UK Prime Minister Boris Johnson has been accused of pushing racial stereotypes over a newly-unearthed column written during his time as editor of the Spectator in which he said young people had “an almost Nigerian interest in money”.
Mr Johnson has been under pressure in recent months over a series of comments he made during his career as a columnist, writer and editor, including referring to black people as “piccaninnies” with “watermelon smiles” and arguing Islam has caused the Muslim world to be “literally centuries behind” the west.
The new columns emerged after the chancellor, Sajid Javid, refused seven times to say whether he would use the terms “bank robber” or “letterbox” to describe Muslim women who wear a burka, as Johnson did last year.
The Prime Minister wrote in a diary piece for the Independent on Sunday in October 1999 that Tony Blair had made people feel good about getting rich.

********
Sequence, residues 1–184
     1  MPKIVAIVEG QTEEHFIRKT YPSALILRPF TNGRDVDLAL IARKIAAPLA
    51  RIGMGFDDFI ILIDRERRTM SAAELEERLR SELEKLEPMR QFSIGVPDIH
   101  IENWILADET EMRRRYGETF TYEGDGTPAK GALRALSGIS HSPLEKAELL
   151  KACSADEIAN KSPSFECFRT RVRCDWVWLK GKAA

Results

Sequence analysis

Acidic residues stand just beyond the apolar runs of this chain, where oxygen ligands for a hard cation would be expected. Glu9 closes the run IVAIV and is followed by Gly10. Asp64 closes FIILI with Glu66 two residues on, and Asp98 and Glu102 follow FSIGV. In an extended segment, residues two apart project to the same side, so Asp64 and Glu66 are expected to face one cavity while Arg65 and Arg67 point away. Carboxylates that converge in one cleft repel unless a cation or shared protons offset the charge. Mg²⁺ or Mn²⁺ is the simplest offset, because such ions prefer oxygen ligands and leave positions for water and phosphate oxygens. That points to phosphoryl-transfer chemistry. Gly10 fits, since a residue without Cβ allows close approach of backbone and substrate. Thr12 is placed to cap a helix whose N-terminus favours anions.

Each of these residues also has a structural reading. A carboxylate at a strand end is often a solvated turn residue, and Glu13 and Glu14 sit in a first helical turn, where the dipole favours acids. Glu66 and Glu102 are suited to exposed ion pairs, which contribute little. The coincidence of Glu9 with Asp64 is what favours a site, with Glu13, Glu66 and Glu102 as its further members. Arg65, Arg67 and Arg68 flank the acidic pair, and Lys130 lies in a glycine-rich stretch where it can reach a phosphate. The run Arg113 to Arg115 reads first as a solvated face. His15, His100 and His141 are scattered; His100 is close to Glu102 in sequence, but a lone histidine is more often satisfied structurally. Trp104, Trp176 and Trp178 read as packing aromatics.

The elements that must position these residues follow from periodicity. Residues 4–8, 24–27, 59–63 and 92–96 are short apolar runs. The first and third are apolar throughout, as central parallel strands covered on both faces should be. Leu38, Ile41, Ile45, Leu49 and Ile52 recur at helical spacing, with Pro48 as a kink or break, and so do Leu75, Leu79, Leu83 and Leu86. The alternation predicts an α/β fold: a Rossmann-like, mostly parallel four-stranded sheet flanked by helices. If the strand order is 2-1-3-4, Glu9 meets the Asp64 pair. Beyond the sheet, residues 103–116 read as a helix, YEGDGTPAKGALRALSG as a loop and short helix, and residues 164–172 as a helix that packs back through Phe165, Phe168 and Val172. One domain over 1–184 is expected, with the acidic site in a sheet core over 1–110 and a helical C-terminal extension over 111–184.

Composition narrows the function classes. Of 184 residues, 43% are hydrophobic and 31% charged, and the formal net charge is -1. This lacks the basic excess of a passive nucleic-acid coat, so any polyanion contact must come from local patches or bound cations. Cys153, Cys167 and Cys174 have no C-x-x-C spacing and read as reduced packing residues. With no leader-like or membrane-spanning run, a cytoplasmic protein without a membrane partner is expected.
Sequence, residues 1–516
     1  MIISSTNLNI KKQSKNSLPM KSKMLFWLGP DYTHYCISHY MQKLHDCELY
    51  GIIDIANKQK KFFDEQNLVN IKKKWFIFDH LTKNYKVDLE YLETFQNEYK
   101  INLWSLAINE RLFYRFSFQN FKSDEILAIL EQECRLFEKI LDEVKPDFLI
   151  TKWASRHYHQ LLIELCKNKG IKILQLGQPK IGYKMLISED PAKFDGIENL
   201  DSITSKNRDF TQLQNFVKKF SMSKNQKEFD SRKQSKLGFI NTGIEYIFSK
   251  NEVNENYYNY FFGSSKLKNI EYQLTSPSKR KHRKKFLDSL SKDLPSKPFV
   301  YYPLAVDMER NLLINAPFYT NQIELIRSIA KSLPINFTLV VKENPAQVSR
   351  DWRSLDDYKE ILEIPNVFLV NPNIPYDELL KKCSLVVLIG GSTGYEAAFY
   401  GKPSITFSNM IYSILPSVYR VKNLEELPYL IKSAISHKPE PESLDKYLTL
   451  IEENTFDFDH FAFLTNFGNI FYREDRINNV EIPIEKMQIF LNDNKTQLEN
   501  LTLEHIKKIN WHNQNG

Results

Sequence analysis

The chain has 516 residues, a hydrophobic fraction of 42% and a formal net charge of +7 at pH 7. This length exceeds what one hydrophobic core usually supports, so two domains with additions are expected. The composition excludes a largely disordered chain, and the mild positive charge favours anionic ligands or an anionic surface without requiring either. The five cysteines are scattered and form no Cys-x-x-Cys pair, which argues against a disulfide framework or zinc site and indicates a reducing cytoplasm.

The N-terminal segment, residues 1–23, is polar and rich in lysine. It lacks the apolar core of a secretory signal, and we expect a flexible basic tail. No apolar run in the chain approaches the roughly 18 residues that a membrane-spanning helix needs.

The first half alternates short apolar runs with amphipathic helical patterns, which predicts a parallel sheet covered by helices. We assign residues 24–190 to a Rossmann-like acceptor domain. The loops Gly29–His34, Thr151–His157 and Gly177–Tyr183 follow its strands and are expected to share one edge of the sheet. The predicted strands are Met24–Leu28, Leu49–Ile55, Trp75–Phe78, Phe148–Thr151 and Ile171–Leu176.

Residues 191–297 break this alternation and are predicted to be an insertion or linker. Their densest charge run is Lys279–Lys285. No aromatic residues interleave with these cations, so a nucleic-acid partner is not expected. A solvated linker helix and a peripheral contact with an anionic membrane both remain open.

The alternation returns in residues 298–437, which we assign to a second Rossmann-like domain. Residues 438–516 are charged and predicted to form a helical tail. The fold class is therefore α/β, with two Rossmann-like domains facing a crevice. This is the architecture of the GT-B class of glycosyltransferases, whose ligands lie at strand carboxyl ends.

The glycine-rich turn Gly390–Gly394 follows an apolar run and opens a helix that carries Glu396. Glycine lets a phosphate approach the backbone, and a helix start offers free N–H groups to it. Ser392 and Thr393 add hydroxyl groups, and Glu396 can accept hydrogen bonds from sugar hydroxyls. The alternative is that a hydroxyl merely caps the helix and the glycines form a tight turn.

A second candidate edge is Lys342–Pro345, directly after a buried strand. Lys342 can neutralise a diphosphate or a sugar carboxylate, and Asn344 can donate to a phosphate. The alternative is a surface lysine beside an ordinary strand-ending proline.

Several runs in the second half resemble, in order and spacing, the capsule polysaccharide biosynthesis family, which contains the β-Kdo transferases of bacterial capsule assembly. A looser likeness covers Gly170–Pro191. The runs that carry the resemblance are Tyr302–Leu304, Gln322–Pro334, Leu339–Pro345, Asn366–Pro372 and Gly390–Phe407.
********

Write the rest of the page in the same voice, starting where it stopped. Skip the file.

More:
He added: “All the young people I know – ie those under 30 – are just as avaricious as we flinty Thatcherite yuppies of the 1980s in fact, they have an almost Nigerian interest in money and gadgets of all kinds.”
Weyman Bennett, the co-convenor of Stand Up to Racism, described Johnson’s words as “deeply racist and offensive,” The Guardian writes.
He said: “This can be added to the ‘piccaninnies’ and ‘watermelon smiles’, the abject refusal to properly apologise and change his behaviour around racism.
“Boris Johnson is unfit to be a prime minister that represents the entire United Kingdom. He had demonstrated this by lying and falsely representing black, Asian and different communities inside this country.
“This is deeply offensive and unforgivable and should not be ignored and he should be held to account.”
Reacting, Labour said the comments followed a pattern of sexist and misogynistic words and behaviour by Johnson.
Shami Chakrabarti, the shadow attorney general, said: “These unearthed comments further reveal Boris Johnson’s contempt for women and families, as he hypocritically attacks what he appallingly describes as ‘illegitimate’ children.”